Rep. Thomas Massie, who is suing Speaker Nancy Pelosi over the chamber’s mask penalties, said Clyde changed his tax withholding in a way that makes it nearly impossible for the House to collect the thousands of dollars in fines Clyde has already racked up for evading the House’s metal detector; he could also face fines for refusing to mask up on the House floor this week.
Normally fines are taken out of a member’s congressional salary, but Massie says Clyde, who owns a firearms business, “went to payroll and had his federal withholding raised to $11,284 a month. So he only gets $1 of pay.”
The maneuver is designed to prevent the House from garnishing his wages.
Massie added, “Of course, it all goes to his mask fine. But he’ll have to be elected until 3,324 A.D. for Pelosi to collect $15,000 in fines. Then when he files his tax return, he gets all his money back.”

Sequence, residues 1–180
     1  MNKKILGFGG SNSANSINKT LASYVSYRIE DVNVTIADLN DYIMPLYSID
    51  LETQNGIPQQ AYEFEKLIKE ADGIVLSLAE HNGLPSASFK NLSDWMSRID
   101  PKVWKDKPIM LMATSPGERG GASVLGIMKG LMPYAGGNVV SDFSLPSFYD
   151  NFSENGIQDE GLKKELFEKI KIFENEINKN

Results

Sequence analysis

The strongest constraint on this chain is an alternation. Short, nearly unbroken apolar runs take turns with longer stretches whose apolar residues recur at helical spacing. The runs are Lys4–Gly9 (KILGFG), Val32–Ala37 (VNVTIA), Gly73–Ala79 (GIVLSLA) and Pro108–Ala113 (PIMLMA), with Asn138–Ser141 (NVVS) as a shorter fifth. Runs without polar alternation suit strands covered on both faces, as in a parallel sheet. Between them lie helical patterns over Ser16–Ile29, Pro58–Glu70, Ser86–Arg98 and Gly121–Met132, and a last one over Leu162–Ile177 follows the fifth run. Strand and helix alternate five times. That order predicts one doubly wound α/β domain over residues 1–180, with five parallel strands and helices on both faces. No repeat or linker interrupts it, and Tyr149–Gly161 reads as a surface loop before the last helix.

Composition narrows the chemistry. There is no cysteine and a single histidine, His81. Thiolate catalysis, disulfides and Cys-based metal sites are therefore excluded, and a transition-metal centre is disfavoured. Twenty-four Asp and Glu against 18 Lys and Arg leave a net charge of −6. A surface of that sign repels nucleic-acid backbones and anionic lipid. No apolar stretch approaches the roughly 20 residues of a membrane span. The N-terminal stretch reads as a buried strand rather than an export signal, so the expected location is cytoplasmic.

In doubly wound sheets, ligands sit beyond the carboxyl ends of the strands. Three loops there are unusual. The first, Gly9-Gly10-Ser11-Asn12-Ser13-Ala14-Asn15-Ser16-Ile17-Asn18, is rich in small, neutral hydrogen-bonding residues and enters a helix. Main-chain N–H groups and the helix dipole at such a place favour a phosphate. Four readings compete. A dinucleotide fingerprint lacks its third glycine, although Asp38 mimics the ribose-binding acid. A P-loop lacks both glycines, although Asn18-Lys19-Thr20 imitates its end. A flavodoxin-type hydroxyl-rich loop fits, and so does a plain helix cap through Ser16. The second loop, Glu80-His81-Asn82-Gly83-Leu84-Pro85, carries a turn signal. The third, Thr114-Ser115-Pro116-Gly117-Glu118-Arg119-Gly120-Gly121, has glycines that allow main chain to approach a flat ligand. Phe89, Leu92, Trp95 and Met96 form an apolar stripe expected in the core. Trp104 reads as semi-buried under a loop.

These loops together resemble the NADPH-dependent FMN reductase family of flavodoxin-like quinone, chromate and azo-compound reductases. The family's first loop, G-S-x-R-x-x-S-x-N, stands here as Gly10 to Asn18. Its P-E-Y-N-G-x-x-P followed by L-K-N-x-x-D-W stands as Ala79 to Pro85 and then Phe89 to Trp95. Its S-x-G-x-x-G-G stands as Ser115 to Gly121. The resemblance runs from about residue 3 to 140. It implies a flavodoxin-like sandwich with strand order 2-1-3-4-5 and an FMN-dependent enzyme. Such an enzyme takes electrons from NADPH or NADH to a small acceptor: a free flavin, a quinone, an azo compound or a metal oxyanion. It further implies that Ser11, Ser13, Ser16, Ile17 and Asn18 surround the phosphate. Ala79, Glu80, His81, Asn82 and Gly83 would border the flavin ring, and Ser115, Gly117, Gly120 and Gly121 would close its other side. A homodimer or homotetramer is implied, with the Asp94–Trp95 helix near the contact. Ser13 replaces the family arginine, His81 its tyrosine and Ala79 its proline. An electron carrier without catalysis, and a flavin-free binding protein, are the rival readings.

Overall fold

Clyde’s office did not respond to a request for comment. The House Ethics Committee declined to comment.
Based on the House rules, members first get a warning for evading mask rules, then a $500 fine for a second offense, and $2,500 for offenses after that. The House’s fines for refusing to comply with the chamber’s metal detectors are even steeper: $5,000 for the first offense and $10,000 for a second offense.
CORRECTION: This story has been updated to reflect that the House fines Rep. Andrew Clyde faces are related to evading metal detectors.